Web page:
Arkansas Gazette Co. v. Southern State CollegeAnnotate this Case
620 S.W.2d 258 (1981)
ARKANSAS GAZETTE COMPANY, Appellant, v. SOUTHERN STATE COLLEGE, et al., Appellees.
Supreme Court of Arkansas.
June 29, 1981.
Rehearing Denied September 28, 1981.
*259 Rose Law Firm by Phillip Carroll, Little Rock, for appellant.
Steve Clark, Atty. Gen., by Nelwyn Leone Davis, Asst. Atty. Gen., Little Rock, and Allen, Cabe & Lester by H. William Allen, Little Rock, for appellees.
The appellant, Arkansas Gazette Company, brought suit against the Arkansas Intercollegiate Athletic Conference seeking to compel the AIC to disclose the amount of money that its member institutions had disbursed to student athletes during the last school year. The lower court denied appellant access to the AIC financial records on the basis that the records were "educational" and were required by law to be closed to the public pursuant to the Arkansas Freedom of Information Act, Ark.Stat.Ann. § 12-2804 (Repl.1979) and The Family Education Rights and Privacy Act of 1974, 20 U.S.C.A. § 1232g.
The AIC is composed of ten Arkansas colleges and universitiesfive public and five private. It is governed by a constitution and by-laws which require the members to submit an annual report detailing the amount of money disbursed to student athletes. The stated purpose is to control the subsidization of athletes. In North Central Association of Colleges v. Troutt Brothers, 261 Ark. 378, 548 S.W.2d 825 (1977), we held that a voluntary association of publicly supported educational institutions was subject to the Freedom of Information Act even though the association business was conducted through a private non-profit corporation. Similarly, each of the ten member institutions currently pays $2,800 in annual dues to this voluntary association of colleges and universities. The dues paid by the state supported institutions are from public funds. Therefore the AIC is partially supported by public funds.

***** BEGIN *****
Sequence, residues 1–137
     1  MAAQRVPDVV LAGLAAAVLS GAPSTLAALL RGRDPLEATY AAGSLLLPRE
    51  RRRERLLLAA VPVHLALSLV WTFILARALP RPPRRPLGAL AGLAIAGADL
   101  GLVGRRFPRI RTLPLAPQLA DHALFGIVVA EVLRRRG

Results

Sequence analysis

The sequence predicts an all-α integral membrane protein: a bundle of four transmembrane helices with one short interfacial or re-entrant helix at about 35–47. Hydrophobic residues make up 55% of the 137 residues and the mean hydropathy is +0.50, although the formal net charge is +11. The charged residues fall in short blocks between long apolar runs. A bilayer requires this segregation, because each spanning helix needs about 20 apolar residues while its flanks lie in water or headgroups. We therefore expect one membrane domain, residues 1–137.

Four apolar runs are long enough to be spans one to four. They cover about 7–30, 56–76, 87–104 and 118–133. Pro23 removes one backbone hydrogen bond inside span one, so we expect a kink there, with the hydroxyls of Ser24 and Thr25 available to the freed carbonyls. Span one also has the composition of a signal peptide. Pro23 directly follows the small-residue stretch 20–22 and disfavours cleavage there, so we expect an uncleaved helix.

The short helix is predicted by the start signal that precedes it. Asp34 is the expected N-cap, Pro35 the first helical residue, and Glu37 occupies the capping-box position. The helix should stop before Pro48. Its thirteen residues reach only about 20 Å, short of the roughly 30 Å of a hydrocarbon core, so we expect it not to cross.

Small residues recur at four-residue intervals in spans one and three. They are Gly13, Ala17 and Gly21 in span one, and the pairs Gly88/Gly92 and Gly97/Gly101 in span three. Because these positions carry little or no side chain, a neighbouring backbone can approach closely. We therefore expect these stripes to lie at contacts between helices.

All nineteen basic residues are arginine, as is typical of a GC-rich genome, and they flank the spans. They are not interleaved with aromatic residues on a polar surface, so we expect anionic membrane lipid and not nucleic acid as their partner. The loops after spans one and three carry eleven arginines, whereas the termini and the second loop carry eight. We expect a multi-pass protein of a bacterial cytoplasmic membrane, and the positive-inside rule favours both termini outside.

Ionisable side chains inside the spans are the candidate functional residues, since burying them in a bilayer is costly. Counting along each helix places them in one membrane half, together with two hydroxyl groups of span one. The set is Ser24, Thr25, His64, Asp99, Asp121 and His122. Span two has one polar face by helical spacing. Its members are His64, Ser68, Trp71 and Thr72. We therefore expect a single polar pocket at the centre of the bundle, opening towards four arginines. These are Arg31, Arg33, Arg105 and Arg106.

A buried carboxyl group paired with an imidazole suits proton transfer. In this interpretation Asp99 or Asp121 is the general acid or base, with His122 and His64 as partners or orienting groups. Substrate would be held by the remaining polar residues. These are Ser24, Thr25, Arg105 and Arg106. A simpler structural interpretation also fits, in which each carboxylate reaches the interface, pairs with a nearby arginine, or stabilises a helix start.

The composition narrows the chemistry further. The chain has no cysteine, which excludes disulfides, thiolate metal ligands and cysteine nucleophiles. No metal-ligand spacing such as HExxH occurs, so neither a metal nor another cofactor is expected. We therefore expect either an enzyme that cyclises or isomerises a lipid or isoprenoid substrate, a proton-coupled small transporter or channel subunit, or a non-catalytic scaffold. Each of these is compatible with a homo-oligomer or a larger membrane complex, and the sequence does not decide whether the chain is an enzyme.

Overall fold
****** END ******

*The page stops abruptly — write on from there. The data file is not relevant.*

The AIC cites McMahan v. Board of Trustees of University of Arkansas, 255 Ark. 108, 499 S.W.2d 56 (1973), where we found the Freedom of Information Act did not apply to lists kept by the athletic department of people who were issued complimentary football tickets. However, in 1973, the act only required the disclosure of records which by law were required to be kept and maintained. Since that date the General Assembly has amended the act to include records required to be kept or.....(b) otherwise kept and which constitute a record of the performance or lack of performance of official functions which are or should be carried out by a public official or employee, a governmental agency, or any other agency wholly or partially supported by public funds or expending public funds. § 12-2803.
This addition to the act clearly applies to the AIC and thus the records are public ones. The public has a fundamental right of access to public records. This right is the general rule and secrecy is the exception.